My third year at Sundance definitely meant seeing more familiar faces, more invitations to parties, and the weather was just phenomenal for this Minnesota boy with polar vortex overload. Not even the buggy eWaitlist could get me down for long. Thankfully, the app was updated and I had better success with tickets starting on the third day. And my week was completely made when I got email notification that I had received free tickets to the exclusive and intimate Belle & Sebastian concert (in support of their film "God Help The Girl").
As far as movies go, I saw a couple less than last year and while there wasn't a huge breakout hit that had the media talking, on the street the crowd favorite was clearly "Whiplash," with Miles Teller and J. K. Simmons. I saw the short film last year and was blown away so it was frustrating to be unable to get tickets every time it screened.
The other shutouts this year were for both Minnesota-made films, "Dear White People" and "Kumiko, the Treasure Hunter." Both films were favorites for audiences and critics but didn't garner any huge deals. The MN Film Board party for DWP was a loud dance party and the hats were totally awesome (they actually fit my huge cranium).
So what did I see that I liked? I'd have to say my favorite overall film was Kat Candler's "Hellion" with Aaron Paul (I touched his arm when said congratulations, that's weird, right?) and Josh Wiggins. A story about fathers and sons and tough towns and hard living and bleak futures. Wiggins delivered and all supporting roles were well done, although Juliette Lewis was so... normal.
Probably my next favorite film was Martha Stevens' "Land Ho!," which could well be a sleeper hit when it is released. Following two retired friends on a surprise road trip to Iceland, the duo traipse their way across the landscape with no real goal in mind. Paul Eenhoorn ("This is Martin Bonner") is the perfect restrained foil to outlandish, lewd, and inappropriate newcomer Earl Lynn Nelson (Stevens' real-life relative!). He's so crass and so laid back and so real, you just can't help but love him. [Update: grab a cup of coffee and read all about their crazy awesome week at Sundance]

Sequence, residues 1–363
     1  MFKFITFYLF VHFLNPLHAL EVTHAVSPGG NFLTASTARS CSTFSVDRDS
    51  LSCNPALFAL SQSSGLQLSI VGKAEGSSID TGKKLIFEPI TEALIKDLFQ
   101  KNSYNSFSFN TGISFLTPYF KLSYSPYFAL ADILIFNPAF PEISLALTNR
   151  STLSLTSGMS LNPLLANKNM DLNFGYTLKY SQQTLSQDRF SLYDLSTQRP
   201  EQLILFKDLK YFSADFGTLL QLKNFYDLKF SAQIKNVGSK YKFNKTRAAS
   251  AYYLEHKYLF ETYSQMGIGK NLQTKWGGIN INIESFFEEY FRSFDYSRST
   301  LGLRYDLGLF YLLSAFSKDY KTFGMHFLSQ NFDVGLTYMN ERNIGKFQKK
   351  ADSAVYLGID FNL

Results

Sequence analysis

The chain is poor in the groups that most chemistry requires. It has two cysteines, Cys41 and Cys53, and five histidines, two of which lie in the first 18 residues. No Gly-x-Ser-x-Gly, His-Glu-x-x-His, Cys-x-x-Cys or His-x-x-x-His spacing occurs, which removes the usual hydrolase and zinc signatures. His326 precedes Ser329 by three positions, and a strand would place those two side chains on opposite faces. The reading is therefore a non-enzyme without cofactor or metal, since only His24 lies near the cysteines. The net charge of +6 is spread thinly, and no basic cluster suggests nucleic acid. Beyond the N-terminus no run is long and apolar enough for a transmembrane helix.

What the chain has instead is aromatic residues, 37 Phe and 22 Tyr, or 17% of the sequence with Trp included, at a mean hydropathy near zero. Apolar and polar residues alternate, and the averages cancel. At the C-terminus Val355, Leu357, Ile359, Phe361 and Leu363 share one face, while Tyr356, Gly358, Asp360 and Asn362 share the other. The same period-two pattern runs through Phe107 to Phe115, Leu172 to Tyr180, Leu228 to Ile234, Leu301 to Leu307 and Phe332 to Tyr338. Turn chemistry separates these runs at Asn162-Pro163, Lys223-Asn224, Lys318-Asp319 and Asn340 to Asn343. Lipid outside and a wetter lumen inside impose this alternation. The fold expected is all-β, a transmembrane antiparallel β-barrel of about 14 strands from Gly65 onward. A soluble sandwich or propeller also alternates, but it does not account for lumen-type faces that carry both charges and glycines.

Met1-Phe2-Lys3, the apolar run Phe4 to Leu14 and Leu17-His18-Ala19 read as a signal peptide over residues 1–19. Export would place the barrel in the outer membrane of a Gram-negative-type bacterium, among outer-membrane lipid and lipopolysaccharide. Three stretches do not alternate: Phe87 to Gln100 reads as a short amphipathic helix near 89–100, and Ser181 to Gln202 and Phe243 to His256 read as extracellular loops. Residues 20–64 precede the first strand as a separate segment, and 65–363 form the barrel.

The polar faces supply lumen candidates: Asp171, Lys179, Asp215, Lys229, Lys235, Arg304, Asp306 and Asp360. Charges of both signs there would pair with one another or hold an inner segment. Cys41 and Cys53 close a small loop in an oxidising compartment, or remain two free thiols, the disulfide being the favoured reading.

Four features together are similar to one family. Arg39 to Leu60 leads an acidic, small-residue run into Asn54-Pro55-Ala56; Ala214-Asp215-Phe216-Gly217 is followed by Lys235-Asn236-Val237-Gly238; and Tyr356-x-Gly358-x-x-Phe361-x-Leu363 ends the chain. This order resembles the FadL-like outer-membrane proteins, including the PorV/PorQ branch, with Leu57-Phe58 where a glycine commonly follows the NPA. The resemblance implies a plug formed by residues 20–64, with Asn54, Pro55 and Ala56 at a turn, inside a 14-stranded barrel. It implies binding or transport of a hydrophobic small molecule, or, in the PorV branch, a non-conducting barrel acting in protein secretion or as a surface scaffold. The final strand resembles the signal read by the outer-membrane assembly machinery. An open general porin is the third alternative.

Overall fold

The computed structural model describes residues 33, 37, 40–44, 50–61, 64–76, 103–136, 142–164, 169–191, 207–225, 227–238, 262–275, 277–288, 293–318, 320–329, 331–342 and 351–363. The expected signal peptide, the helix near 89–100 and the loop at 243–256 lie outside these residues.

To keep this post reasonable, I'm going to keep the remaining movies short... oh, did I mention we also just walked right into the Fela band concert? That was such a crazy-great night of music! You should see this group play.
The new Jim Jarmusch film, "Only Lovers Left Alive," was moody and awesome. Tilda Swinton, Tom Hiddleston, Mia Wasikowska, and John Hurt are delightful as vampires. If you liked "Dead Man," I bet you'd love this. A great soundtrack, of course.
Charlie McDowell's "The One I Love" feels a lot like the awesome "Safety Not Guaranteed," which also features the talents of Mark Duplass, along with Elisabeth Moss (Mad Men). I loved the story and loved that the sci-fi/surreal parts were just played straight. Mark is a pretty funny guy at a Q&A.
The other film I saw with a similar story, if that can be said, was Richard Ayoade's "The Double." I immediately thought it was a mix of "Brazil" and "Rear Window" and "Fight Club" with some influence of Avi and Harmony Korine and all based on a Dostoevsky story. Jesse Eisenberg plays the lead role well and Mia Wasikowska was stellar. Audiences were mixed but I loved it. My wife's brain exploded when she saw the picture with Moss.
Ira Sachs was back at Sundance with his loving and charming story of aging together starring Jon Lithgow and Alfred Molina, "Love Is Strange." They are both so natural as a couple, you'd think they actually did live together for decades.
"White Bird in a Blizzard" proved to me that Shailene Woodley is probably the top-notch young actress working right now. Gregg Araki's film is more accessible than some of his previous work, which apparently disappointed some. I secretly loved that her two best friends could've walked off the set and joined the cast of Death To Prom seamlessly. Eva Green goes off the rails and the soundtrack is perfection.
Lynn Shelton's "Laggies" made me appreciate Keira Knightley again, feeling rather like a new take on the "Garden State" vibe and with favorites Chloe Grace Moretz and Sam Rockwell.
To wrap up this years festival, the two films that just didn't work for me were the over-praised "A Girl Walks Home Alone At Night," the first Iranian Western/Vampire movie. It should've worked brilliantly and looked great in B&W, but was too unfocused and too long. As a short it would've killed. The other film to leave me wanting was "The Foxy Merkins," a homeless lesbian prostitute buddy comedy. It needed more focus, tighter editing, and higher production values.
The dreaded Sundance cold/flu caught up with three of us in the condo, and we had to very reluctantly cancel a birthday party, but we all had a good time this year and look forward to next year. Seriously, the plans are already in the making. If I could only get rid of this cough...
If you want other links to all the movies I saw this year, check out my Sundance 2014 Letterboxd list.